Complementing the retraction of list-based export controls for Australia and the UK is the removal of special license requirements for exports of commodities classified under ECCN 0A919—the generic, catch-all ECCN utilized by BIS to refer to foreign-made military commodities incorporating a certain amount of de minimis U.S.-origin, “600 series” content that are not otherwise included on the U.S. Munitions List (“USML”), and thus International Traffic in Arms Regulations (“ITAR”) controlled. As a consequence of this change, ECCN 0A919 items may be re-exported from Australia or the UK without a license, eliminating the prior requirement that such re-exports be made only in connection with a military deployment by a unit of the government of a Country Group A:1 jurisdiction to qualify for NLR status. Similarly, the IFR eliminates certain military end-use and military end-user based licensing requirements for the export, re-export, and transfer (in country) of cameras, systems or related components falling under the aegis of Section 744.9(a)(1)(i) and (iii) of the EAR. As a result, commodities classified under ECCN 6A003.a.3, 6A003.a.4, or 6A003.a.6 that are intended to be utilized by a military end user, as well as commodities controlled under ECCNs 0A504. 6A002, 6A003, 6A993.a  or 8A002.d that will be or are intended to be incorporated into a “military commodity” controlled by ECCN 0A919 no longer require a license when exported to Australia or the UK. Finally, the rule revises the EAR’s treatment of significant items (“SI”) such that so-called “hot section technology” often involved in the development, production or overhaul of commercial aircraft engines, components and related systems are no longer strictly controlled. In this vein, BIS has amended the EAR to curtail the control of commodities falling under ECCN 9E003.a.1 through a.6, a.8, .h, .i, and .l when bound for Australia or the UK. As with other key modifications, this change too, allows Australia and the UK to leverage less restrictive export provisions that were previously available only to Canada.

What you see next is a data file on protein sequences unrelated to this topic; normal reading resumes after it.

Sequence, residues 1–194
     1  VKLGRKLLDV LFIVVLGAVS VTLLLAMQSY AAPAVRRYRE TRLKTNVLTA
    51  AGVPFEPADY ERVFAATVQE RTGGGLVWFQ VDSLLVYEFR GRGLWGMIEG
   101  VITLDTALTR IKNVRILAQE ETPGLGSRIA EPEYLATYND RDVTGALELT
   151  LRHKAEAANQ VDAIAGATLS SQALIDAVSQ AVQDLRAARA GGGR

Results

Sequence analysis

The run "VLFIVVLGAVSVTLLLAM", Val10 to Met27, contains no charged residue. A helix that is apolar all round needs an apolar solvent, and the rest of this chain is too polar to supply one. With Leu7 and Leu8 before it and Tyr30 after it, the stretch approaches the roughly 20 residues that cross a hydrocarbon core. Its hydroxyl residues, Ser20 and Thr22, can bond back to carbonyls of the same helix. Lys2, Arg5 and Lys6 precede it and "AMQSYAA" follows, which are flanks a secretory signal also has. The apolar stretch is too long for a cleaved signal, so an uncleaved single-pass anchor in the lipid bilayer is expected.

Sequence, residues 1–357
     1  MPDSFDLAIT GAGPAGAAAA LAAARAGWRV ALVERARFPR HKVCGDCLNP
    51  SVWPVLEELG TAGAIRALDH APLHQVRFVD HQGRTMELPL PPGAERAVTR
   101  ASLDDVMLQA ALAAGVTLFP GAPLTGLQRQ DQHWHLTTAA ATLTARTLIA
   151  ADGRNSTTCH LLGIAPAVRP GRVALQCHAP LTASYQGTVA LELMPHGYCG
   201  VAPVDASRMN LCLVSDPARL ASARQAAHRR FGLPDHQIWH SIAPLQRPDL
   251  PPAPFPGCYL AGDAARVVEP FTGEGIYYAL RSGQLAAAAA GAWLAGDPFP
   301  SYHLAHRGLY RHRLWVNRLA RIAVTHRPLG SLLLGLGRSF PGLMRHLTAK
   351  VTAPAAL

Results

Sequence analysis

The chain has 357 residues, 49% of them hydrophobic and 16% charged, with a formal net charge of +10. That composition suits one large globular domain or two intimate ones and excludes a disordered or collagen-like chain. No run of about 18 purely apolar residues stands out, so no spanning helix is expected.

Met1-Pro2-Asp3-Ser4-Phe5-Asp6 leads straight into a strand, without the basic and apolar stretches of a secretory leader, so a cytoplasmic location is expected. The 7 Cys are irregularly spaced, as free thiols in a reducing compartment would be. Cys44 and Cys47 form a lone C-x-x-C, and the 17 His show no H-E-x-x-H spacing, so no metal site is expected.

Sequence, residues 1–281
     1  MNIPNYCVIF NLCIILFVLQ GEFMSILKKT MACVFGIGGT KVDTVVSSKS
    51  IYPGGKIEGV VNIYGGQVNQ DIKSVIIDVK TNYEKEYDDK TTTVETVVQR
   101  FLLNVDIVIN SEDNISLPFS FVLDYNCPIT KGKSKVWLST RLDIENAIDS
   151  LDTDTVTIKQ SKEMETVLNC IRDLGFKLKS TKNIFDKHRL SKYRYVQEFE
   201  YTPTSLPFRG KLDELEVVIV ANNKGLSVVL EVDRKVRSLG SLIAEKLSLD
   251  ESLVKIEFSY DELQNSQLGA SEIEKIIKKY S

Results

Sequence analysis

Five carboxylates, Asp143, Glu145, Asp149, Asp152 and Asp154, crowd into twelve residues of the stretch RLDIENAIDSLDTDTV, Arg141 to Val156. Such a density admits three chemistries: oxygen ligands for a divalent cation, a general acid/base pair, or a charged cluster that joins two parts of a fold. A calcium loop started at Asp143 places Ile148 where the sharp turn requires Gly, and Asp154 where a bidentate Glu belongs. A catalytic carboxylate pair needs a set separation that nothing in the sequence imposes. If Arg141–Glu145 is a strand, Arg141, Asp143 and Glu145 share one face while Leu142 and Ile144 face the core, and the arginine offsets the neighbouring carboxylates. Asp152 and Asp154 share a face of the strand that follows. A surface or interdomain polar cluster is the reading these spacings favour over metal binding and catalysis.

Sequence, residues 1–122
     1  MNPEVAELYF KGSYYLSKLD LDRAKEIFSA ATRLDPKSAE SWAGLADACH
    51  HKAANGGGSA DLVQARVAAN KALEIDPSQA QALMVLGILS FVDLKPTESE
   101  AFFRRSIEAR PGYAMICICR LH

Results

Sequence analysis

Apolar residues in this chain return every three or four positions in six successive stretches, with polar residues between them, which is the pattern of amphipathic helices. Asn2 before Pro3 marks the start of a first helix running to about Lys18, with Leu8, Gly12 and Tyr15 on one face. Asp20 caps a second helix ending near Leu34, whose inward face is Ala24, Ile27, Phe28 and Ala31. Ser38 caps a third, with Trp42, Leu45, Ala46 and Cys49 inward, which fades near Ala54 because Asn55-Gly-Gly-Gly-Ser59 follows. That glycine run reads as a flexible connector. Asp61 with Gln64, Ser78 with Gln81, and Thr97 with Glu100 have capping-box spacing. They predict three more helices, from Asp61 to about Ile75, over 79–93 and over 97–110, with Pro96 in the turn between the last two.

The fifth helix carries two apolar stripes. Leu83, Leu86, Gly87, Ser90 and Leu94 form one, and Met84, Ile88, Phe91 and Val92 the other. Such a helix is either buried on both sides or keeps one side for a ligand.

Collectively, BIS’s latest AUKUS Pillar II revisions portend well for those regularly involved in the export of dual use commodities and technology to Australia and the UK. As commercial activity involving the dramatic enhancement of each U.S. ally’s defense capabilities continues to grow, these changes will prove particularly useful to companies on the frontlines of each country’s military industrial base. In a similar vein, the easing of export restrictions related to certain satellite-based components will prove useful to the nascent global commercial satellite industry, which for years has operated under a patchwork of federal regulations that at times subvert the purpose of dual use controls by subjecting even seemingly innocuous (although admittedly more technologically advanced) commercial items to tighter controls. In the wake of these critical changes, all organizations involved in the export and re-export of EAR controlled commodities to Australia and the UK are encouraged to revisit their own trade compliance programs and policies to leverage the efficiencies gained from a change in overall licensing posture.